Photo of the Week


The Eiffel Tower seen from a rooftop in Montparnasse on a smoggy day. © Paris Update


Paris Update This Week’s Events

For full details about an event, click on the title to visit the official Web site (in English when available).

Women’s March on Paris
> The day after Donald Trump’s inauguration, women will march in cities around the world. Starts at the Parvis des Droits Humains, Trocadero, at 2pm, crosses the Pont d’Iéna and ends at the Mur pour la Paix at 4:30pm.

Behind closed doors
> Book now to visit places in Paris that are normally closed during Paris Face Cachée, including a lab trying to find cures for genetic diseases, located in a glass building with a panoramic roof terrace. Various venues, Paris and suburbs, Jan. 27-29.

Book signing
> Irish author Donal Ryan signs copies of his latest book, The Thing About December. Irish Cultural Center, Paris, Jan. 19.

Late-Night Magritte
> The Magritte exhibition at the Centre Pompidou will stay open until 10pm from Jan. 19 through the last day, Jan. 23.

> Paris Cocktail Week offers master classes, special restaurant menus with cocktail/food pairings and other festivities. Various venues, Paris, Jan. 21-28.

Young European photographers
> The Festival Circulation(s) features emerging photographers. Centquatre, Paris, Jan. 21-March 5.

Picasso at the airport
> The exhibition "Picasso Plein Soleil" presents works made by the master while living on the Côte d’Azur. Espace Musées, Charles-de-Gaulle Airport 2E, Jan. 21-June 15.

Cheap cinema
> During the Festival Cinéma Télérama, you can see a selection of last year’s best films for only €3.50 each with the purchase of Télérama magazine (Jan. 11 and 18 issues). Various cinemas, Jan. 18-24.

Free subtitled French films
> My French Film Festival offers frees streaming of French movies. Through Feb. 13.

Frank Capra Retrospective
> The great American director in the spotlight. Cinémathèque Française, Paris, through Feb. 27.

Sex, Lies and Corruption
> The Hollywood Décadent festival features such films as Joseph Mankiewicz’s Cleopatra with Elizabeth Taylor, Valley of the Dolls, and Vincente Minnelli’s Nina. Cinémathèque Française, Paris, through Jan. 25.

Chinese New Wave
> Nouvelles Voix du Cinéma Chinois screens films by a new generation of directors beginning around the turn of the 21st-century. Cinémathèque Française, Paris, through Feb. 20.

Winter sales
> Retail sales all over France: through Feb. 21.

Ice-Skating Rinks
> Where to ice skate in Paris, including the Eiffel Tower and the Grand Palais.

English plays in French
> Two plays by Harold Pinter, Ashes to Ashes and L’Amant, directed by Mitch Hooper, are onstage at the Essaïon through Jan. 24, 2017.


Film - Drama



copacabana, isabelle huppert

The fearless Babou (Isabelle Huppert) sets off to sell seaside time-shares in the middle of winter.

Copacabana, written and directed by Marc Fitoussi, is a fresh, completely absorbing little film about people – or rather, one person – you feel you ...

copacabana, isabelle huppert

The fearless Babou (Isabelle Huppert) sets off to sell seaside time-shares in the middle of winter.

Copacabana, written and directed by Marc Fitoussi, is a fresh, completely absorbing little film about people – or rather, one person – you feel you might have known. Isabelle Huppert steps away from the tortured characters she often plays to portray Babou, a free-spirited, unemployed single mother (no father is ever mentioned) living in the North of France with her straitlaced daughter, Esméralda (played by Lolita Chammah, Huppert's real-life daughter), who one day announces that she is going to marry her accountant boyfriend, Justin (Joachim Lombard). Babou is dismayed, because she thinks Justin is far “too serious,” but she is even more dismayed when Esméralda tells her that she is not welcome at the wedding. Esméralda thinks Babou will embarrass her in front of Justin's family and has told them she is in Brazil (where Babou has always longed to go but has never visited) and won't be back in time for the wedding.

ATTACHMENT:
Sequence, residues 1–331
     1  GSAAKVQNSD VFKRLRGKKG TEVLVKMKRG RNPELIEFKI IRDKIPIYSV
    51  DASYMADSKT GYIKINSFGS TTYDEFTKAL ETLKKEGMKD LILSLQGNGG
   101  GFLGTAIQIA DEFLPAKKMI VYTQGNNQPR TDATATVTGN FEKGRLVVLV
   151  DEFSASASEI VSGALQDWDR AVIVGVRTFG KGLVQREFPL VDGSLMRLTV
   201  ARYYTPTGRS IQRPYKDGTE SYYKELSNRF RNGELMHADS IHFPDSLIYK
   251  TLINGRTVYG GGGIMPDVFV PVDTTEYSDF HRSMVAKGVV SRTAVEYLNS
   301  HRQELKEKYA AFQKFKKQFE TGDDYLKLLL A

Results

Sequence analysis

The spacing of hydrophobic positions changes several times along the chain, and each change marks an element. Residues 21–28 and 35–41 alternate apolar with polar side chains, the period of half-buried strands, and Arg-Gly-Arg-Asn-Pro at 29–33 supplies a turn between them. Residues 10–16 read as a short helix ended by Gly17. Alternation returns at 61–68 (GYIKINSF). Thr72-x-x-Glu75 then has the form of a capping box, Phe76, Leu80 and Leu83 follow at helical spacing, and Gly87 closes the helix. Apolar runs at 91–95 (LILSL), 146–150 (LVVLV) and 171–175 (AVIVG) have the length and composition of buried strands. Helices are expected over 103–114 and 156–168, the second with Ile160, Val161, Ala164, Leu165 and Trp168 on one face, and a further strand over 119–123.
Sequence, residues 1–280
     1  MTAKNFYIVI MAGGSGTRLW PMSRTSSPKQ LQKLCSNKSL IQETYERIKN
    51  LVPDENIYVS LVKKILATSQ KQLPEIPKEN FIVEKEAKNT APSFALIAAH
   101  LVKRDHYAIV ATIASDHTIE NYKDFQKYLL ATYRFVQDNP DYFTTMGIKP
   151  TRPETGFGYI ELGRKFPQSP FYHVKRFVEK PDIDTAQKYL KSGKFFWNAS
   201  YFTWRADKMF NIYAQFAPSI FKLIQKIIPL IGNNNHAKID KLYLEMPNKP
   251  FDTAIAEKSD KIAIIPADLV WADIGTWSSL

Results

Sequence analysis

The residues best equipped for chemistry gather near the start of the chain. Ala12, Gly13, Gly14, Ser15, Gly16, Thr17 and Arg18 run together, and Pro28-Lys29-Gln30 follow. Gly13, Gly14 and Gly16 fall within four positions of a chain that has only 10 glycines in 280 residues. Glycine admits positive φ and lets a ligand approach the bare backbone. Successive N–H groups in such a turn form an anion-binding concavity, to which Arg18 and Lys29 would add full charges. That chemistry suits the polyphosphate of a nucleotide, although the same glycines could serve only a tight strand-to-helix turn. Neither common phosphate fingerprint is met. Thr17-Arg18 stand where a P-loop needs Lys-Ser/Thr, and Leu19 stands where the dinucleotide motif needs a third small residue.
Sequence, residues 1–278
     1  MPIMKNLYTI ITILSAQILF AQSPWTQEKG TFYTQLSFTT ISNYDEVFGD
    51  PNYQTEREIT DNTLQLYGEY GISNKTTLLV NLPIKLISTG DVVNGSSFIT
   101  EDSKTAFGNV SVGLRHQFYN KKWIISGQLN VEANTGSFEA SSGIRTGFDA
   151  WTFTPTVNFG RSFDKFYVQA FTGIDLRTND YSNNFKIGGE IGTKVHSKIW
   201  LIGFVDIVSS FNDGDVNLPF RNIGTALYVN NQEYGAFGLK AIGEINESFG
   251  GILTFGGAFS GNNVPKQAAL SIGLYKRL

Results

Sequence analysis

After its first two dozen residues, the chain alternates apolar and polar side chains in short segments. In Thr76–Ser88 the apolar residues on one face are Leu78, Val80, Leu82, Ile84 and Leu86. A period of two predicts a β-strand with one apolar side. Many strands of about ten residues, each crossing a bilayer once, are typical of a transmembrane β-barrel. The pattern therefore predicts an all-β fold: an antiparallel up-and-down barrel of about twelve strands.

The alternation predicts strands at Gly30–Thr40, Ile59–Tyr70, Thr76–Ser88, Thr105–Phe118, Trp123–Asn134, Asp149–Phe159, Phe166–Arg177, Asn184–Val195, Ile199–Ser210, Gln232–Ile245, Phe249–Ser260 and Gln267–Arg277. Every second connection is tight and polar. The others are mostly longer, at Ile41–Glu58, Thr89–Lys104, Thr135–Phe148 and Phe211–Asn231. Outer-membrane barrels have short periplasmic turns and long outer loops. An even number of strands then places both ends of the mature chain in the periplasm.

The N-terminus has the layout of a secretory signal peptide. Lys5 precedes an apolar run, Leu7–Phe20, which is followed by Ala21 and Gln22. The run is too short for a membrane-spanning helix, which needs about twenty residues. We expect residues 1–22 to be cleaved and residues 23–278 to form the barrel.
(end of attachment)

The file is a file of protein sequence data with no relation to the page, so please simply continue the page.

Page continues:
The character of the “kooky” Babou could have been very grating, but Fitoussi has managed to avoid heartwarming cliches, showing Babou's annoying, selfish, wrongheaded and, yes, embarrassing sides as well as her winning charms. And Huppert plays it perfectly in every scene, expressing the rejected mother's hurt feelings with powerful understatement, as when she calmly says to her daughter after the announcement about the marriage, “You no longer have the right to call me maman,” as she clears away their unfinished dinner.

Babou is not one to take such adversity lying down, however, so she decides to get a job to earn some money and respectability. Since she has no particular experience, the only job she can find in the distressed north is a nightmarish position as a tout for a new time-share apartment building in the Belgian seaside “resort” of Ostend. Selling a vacation apartment in the streets of Belgium in the freezing wintertime is no picnic, but Babou surprises everyone except herself by excelling at it – until her nonconformist ways irreparably alienate her from her employers.

The great thing about Babou is that she is unapologetically and fearlessly herself, and you'll certainly find yourself rooting for her. I have only one small complaint about this movie: the ending offers a too-neat wrap-up that is slightly off-kilter with the realism of the rest of the film. Otherwise Copacabana is a great little movie.

Heidi Ellison

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